According to documents compiled by Rep. Kim Kyu-hwan of the main opposition Liberty Korea Party, the company has been seeking ways to spin off its fuel cell manufacturing unit first and then turning it into a joint venture with new investors. The plan is widely expected to mean Posco Energy’s exit from the fuel cell business, which it has been losing money in for years.
The company plan says that it would have a local manufacturing company as a strategic investor for the joint venture. It would sell its shares in the joint venture later on, industry observers said.
In 2007, the company invested $29 million in US firm Fuel Cell Energy and another $55 million later. It declined to answer how many shares it holds in the Nasdaq-listed company.
The company has been losing money in recent years. Replacing faulty stacks has cost the company a fortune, according to observers.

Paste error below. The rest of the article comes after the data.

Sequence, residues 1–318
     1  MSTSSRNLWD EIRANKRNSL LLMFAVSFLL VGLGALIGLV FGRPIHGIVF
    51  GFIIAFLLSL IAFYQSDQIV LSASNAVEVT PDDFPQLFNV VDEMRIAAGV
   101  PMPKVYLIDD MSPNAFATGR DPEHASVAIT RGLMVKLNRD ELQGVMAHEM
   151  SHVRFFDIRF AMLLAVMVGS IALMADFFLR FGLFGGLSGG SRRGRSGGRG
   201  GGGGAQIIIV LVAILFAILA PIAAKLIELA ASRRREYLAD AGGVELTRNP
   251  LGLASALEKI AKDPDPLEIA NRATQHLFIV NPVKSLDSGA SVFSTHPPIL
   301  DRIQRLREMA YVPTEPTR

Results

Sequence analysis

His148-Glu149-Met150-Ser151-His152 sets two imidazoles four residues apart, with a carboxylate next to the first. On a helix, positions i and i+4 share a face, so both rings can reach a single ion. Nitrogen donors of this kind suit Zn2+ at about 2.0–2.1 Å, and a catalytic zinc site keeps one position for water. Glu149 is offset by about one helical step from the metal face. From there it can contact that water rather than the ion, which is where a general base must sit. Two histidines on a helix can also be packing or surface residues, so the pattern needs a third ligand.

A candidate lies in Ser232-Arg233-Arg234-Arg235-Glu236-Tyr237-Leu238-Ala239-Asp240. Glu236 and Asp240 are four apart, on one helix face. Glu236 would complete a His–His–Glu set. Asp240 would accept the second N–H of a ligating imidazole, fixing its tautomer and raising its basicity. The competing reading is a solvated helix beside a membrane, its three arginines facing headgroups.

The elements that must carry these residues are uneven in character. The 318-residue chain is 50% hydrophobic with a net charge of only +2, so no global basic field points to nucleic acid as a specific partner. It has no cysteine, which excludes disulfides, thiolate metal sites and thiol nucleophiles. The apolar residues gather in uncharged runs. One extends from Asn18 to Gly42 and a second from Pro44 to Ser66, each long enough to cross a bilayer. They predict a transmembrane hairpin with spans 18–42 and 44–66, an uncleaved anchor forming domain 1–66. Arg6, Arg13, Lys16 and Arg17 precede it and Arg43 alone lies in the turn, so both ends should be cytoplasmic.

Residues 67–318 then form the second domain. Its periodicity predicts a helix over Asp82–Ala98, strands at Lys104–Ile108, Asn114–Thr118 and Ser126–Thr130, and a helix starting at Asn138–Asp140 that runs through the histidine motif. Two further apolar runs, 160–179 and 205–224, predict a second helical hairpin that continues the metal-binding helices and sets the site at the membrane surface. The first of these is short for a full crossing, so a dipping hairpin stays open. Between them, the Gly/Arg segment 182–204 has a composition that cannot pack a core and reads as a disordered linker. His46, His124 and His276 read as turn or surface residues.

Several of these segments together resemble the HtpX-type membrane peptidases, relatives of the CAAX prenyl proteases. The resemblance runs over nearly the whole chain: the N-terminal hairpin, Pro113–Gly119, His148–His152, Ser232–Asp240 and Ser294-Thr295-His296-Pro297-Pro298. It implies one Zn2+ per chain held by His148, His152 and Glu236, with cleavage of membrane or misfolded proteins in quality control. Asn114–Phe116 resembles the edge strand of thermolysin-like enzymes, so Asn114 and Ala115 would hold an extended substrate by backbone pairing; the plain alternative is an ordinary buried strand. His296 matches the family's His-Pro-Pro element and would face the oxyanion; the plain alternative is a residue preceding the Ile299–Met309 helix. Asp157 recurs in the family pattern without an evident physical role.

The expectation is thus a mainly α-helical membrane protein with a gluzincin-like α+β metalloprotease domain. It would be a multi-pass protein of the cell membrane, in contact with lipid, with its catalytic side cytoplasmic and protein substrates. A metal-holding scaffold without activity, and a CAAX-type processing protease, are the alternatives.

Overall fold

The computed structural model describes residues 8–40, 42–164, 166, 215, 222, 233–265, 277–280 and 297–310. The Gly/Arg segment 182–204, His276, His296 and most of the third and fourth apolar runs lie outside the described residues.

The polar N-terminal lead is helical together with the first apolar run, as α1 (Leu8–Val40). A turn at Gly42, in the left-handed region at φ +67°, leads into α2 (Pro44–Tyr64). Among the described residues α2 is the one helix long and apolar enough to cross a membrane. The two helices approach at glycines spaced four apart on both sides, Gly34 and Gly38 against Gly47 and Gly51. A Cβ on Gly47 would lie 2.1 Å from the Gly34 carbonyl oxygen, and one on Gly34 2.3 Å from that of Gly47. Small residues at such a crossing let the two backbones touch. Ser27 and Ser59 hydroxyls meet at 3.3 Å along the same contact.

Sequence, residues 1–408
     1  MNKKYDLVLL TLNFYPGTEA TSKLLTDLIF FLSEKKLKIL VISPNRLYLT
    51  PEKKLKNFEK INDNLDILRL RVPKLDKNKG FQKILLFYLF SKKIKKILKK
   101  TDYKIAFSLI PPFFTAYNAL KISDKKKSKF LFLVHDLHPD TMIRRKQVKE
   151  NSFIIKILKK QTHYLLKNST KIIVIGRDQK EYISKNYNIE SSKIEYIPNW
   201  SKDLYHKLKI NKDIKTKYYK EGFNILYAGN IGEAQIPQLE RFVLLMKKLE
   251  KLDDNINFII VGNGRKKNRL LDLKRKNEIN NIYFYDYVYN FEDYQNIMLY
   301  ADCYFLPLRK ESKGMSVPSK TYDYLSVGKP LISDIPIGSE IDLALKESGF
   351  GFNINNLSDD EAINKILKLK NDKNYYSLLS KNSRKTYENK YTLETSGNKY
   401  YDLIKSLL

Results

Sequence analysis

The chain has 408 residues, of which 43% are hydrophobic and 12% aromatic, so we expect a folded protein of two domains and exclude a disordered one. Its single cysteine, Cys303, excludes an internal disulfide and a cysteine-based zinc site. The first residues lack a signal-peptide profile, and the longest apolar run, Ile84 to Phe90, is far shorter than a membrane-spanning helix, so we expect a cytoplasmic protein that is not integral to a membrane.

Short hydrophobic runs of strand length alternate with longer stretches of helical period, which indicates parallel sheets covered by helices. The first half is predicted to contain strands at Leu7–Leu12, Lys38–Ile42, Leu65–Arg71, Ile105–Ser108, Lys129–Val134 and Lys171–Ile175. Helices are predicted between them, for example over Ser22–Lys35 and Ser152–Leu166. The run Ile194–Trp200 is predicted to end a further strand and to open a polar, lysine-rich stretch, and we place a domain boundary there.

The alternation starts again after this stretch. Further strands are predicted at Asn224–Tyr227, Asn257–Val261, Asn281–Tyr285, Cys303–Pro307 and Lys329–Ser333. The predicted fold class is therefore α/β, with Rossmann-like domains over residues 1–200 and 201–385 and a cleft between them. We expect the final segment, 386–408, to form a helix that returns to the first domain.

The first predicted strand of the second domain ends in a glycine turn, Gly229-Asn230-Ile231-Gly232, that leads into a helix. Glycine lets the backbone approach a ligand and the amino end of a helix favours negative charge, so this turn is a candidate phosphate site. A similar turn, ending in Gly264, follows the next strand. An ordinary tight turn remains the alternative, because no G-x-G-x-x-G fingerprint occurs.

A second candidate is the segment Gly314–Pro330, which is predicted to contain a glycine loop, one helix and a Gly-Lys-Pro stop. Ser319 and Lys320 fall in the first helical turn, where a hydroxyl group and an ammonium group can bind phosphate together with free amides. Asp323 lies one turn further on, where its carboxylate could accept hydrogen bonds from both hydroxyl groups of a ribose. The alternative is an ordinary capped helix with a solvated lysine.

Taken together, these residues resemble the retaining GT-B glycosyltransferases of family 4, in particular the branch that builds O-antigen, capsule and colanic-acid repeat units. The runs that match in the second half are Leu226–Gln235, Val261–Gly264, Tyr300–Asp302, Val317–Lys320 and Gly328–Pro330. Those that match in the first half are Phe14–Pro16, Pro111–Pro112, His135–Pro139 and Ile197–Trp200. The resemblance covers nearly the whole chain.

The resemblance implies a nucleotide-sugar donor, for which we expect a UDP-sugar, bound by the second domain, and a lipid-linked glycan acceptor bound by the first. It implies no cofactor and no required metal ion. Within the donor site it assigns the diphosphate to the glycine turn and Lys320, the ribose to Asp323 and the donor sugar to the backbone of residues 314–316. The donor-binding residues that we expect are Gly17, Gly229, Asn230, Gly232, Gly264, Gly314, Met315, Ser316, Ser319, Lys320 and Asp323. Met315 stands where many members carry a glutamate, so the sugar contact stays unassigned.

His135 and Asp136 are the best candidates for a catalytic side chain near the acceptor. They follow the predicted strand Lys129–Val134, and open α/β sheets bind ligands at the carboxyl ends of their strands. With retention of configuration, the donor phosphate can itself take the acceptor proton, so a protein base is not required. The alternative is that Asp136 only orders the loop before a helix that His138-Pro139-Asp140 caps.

Rep. Kim, however, raised concerns over the possibility of Posco Energy transferring its technology overseas, saying the company had spent taxpayers’ money for years. The government provided a total of around 39 billion won ($35 million) until last year to support Posco’s fuel cell development, he said.
Posco Energy denied the reports, saying that the joint venture scheme is just one of many plans to deal with the losses.
“We have been working to improve losses for three years now. But the plans are not being drawn up in order to sell our fuel cell business,” said Sohn Chang-ho, a senior PR official at Posco Energy.
By Cho Chung-un (firstname.lastname@example.org)